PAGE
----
[ExI] it was the best times, it was the best of times

Tomasz Rola rtomek at ceti.pl
Thu Oct 10 21:44:08 UTC 2013

On Wed, 9 Oct 2013, Adrian Tymes wrote:

> On Oct 9, 2013 1:23 PM, "Tomasz Rola" <rtomek at ceti.pl> wrote:
> > Judging by contents of contemporary movies, we are already in deep 
> > crisis - the mean density of intellectual content is dropping down 
> > like dead bird, at least this is how I see it. If what we see is 
> > really what people want to see, we are dead man walking.
> This is a well known error in perception.  You see much crap today, yet 
> the surviving works of the past - and your memories of them - are 
> generally not crap, therefore the past must have been better, right?  
> Actually, wrong.

Ok, this may be an error in my perception. It's quite easy to agree with 
such statement, especially that it ends discussion - "oh, so it's nothing 
so wrong with nowadays, it is just I am growing old and envious"... On the 
other hand, perhaps too many people, too often agree with such explanation 
and dismiss the other answer out of mental lazyness?

> For the most part, the best of the past will be preserved, the rest 
> recycled and destroyed.  This leaves little evidence it was there. 
> Likewise, memories focus on the important - often including good or 
> personally bad (which movies rarely are) - and delete the (literally) 
> forgettable dross.  (Many children of the 1980s remember the 
> Transformers. How many remember the Gobots, especially without 
> prompting?)

I don't remember Transformers and those other guys. I remember Star Wars 
*without* dinosaurs, and meant to be watched by adults. Or at least 
wannabe adults.


> Further, as a person matures, the unsubtle storytelling techniques that 
> amused them in their youth wear out their novelty, and further works 
> with the same objective quality are subjectively perceived to be more 
> mundane, boring, et cetera.  (There are ways to fight this effect, but 
> it takes effort to pick out and potentially enjoy the novel components.)

Well, perhaps.

I recently started to enjoy B movies a lot. They don't have pretentious 
posturing to be something more than they really are. Some are truly 
catastrophically made, but some are quite good. On the other hand, after 
watching Avatar (on my cable), I decided to not watch it again for a 
while, maybe five or ten years. I wasn't totally disgusted but if I was to 
measure the worth of cultural good by my will to buy it, then Avatar and 
many others are not on the list at all. Of sf movies, I will buy Kubrick's 
"2001" (Hyams' "2010" I could buy too, if not very pricey), maybe 
"Clockwork Orange", then Scott's "Blade Runner" and then I really have 
nothing to buy. At least nothing that would've been obvious choice, 
without some intense thinking. However, of noncinematic movies, I have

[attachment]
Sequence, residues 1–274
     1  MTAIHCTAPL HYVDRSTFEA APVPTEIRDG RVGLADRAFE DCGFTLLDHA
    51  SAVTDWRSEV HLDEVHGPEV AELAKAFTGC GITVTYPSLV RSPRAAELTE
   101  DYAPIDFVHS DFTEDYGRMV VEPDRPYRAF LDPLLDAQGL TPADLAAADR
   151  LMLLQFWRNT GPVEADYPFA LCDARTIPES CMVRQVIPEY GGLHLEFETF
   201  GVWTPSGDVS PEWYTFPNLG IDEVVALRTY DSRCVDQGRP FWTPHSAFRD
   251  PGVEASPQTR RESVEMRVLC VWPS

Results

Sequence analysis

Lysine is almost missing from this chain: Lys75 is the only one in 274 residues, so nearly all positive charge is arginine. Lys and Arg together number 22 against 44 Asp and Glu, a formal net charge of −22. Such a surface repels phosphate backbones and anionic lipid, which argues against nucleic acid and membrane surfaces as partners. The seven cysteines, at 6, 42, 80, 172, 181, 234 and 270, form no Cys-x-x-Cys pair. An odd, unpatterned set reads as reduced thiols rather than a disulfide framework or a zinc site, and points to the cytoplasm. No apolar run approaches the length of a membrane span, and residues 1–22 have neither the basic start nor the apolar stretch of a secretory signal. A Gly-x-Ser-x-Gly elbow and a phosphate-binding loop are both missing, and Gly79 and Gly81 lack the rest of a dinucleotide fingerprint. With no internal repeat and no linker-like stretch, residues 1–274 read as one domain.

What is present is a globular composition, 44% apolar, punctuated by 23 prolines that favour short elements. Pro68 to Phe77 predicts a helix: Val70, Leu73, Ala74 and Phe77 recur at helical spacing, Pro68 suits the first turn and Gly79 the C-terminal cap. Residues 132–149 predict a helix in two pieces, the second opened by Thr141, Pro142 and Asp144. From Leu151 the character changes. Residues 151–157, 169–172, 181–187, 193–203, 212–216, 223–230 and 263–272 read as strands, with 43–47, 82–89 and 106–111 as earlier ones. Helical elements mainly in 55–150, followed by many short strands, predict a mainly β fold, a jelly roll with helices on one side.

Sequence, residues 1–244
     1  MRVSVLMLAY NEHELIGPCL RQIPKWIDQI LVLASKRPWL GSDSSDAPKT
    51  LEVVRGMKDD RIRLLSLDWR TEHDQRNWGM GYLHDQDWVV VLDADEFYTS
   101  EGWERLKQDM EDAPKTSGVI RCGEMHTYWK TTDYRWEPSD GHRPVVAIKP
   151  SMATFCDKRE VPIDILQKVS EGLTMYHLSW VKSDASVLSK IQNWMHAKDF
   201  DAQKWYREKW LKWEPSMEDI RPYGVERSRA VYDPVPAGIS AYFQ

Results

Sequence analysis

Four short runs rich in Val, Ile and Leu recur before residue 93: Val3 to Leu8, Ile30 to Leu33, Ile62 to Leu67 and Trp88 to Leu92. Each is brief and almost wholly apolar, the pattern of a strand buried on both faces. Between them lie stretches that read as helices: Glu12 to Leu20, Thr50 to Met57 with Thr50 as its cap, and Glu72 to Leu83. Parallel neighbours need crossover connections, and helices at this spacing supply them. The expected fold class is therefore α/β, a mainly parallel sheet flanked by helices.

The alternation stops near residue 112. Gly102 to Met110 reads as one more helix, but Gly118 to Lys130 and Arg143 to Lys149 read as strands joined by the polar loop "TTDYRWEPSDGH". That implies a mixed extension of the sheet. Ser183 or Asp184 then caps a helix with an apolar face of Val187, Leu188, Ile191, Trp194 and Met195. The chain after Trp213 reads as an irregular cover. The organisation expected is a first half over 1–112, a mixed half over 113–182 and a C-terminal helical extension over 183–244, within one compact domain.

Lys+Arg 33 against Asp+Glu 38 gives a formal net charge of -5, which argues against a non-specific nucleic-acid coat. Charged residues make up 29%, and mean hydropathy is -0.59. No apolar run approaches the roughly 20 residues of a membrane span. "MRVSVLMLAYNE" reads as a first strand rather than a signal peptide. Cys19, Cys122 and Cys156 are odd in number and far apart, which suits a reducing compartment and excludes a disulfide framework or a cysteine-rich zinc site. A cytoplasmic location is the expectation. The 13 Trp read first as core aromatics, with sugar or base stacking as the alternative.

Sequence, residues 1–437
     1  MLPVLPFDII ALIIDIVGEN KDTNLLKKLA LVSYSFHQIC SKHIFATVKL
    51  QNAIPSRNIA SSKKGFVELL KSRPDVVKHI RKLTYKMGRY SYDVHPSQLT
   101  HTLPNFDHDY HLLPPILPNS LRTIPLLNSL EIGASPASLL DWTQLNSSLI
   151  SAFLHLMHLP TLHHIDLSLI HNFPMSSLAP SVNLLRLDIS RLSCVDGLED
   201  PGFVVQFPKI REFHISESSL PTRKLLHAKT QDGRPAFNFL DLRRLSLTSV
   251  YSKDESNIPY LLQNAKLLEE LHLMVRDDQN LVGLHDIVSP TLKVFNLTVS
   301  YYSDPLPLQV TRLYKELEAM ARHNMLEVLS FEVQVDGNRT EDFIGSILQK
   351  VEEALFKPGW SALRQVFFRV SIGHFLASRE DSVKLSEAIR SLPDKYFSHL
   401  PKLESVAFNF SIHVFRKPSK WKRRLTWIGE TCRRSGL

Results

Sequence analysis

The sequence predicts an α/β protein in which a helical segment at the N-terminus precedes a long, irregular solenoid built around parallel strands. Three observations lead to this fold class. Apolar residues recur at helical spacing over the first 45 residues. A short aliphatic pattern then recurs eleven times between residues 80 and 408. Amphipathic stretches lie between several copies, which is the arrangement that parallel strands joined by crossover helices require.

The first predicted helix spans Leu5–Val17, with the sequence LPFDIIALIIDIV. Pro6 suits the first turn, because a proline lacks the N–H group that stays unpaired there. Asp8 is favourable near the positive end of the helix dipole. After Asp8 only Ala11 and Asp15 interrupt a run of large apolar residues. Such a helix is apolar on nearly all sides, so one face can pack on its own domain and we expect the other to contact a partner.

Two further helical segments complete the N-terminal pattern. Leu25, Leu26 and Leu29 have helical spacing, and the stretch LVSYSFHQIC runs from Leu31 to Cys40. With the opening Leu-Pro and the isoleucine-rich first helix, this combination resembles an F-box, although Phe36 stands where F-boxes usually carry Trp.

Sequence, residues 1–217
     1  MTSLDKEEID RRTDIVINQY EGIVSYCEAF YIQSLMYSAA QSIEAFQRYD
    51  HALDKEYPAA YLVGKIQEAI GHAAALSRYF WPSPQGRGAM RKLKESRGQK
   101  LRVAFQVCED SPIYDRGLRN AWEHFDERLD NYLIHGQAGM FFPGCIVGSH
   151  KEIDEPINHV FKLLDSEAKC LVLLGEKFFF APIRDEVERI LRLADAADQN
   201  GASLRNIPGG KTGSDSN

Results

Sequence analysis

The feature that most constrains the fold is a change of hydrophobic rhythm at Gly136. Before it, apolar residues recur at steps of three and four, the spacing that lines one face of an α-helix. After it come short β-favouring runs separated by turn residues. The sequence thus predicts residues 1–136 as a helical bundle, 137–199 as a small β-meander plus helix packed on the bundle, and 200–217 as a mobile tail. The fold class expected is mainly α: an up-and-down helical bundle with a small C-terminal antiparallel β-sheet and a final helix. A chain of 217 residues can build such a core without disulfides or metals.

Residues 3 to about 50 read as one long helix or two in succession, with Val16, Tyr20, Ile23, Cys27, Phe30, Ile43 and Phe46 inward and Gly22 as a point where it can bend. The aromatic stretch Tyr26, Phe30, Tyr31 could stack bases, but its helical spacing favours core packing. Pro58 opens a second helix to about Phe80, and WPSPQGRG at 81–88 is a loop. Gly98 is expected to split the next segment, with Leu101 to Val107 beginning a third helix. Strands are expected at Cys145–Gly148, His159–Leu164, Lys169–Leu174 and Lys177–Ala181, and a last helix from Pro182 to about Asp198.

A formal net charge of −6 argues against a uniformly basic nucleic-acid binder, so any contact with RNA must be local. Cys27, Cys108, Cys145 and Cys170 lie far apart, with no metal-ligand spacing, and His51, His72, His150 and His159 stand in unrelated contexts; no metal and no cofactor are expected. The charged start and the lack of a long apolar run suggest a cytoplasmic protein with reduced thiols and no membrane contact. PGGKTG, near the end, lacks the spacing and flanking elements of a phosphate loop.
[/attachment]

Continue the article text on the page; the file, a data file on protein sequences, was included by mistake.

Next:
bought me a "Terminator the Sarah Connor Chronicles". But I'm not sure if 
I would buy T3 and T4. Well T3, maybe. T1 and T2, too. I may consider some 
sf movies made in Eastern Block, they feel and look very nice compared to 
certain abovementioned titles (like, Avatar, Next, Inception or whatever 
else I watched and forgot).

Of non-sf movies, full set of Kurosawa and Scorsese's "Taxi driver" are
obvious buy. Then, I don't know again.

This night my cable serves "The Helix Loaded", a "Matrix" B-ripoff.


AFAIK I have never before watched a movie with imdb rating so low (1.7). I 
am so excited!

> See how each generation expresses an opinion that the one or two after 
> it have no taste in literature/music/culture, going back every 
> generation to ancient Greece.

I don't remember how it was in ancient Greece, I was very young at the 
time. I believe your word, however.

Perhaps the real problem I have with today's culture is that some time 
ago, if I'm not mistaken, children wanted to be adults. Or at least it was 
something normal. And I don't mean children working in coalmines. Nowadays 
it's adults who want to be children and salespeople jumping out of their 
skins to help fulfill this dream.

Another explanation is, I expect to see nuts and bolts. It looks like most 
folks don't want to bother, so they're served some "coming of age" or 
"feeling" stories packaged and repackaged, with nuts and bolts being 
merely part of decoration. Heck, there are even remakes of films made 
elsewhere, because... why, viewer is unable to keep attention on a plot 
while being distracted by cultural differences, even between two _western_ 
countries? Heck2, there are even remakes of films made in the same 
country, 20-30 years earlier, maybe even only 10 years earlier...

Yeah, I know. If something earned money to some other guys, then lets 
remake and earn money too. But it really makes a, say, cultural landscape 
rather miserable to look at.

Ewww... Ewww...

Tomasz Rola

** A C programmer asked whether computer had Buddha's nature.      **
** As the answer, master did "rm -rif" on the programmer's home    **
** directory. And then the C programmer became enlightened...      **
**                                                                 **
** Tomasz Rola          mailto:tomasz_rola at bigfoot.com             **

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